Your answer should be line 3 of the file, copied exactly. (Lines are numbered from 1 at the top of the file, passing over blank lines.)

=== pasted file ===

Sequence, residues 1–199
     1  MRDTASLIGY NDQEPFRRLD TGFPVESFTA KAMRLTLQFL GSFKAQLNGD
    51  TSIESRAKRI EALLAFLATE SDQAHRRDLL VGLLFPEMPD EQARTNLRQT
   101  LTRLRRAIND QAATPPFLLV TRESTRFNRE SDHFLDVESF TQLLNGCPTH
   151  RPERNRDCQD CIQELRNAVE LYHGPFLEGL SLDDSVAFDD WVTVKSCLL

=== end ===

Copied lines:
    51  TSIESRAKRI EALLAFLATE SDQAHRRDLL VGLLFPEMPD EQARTNLRQT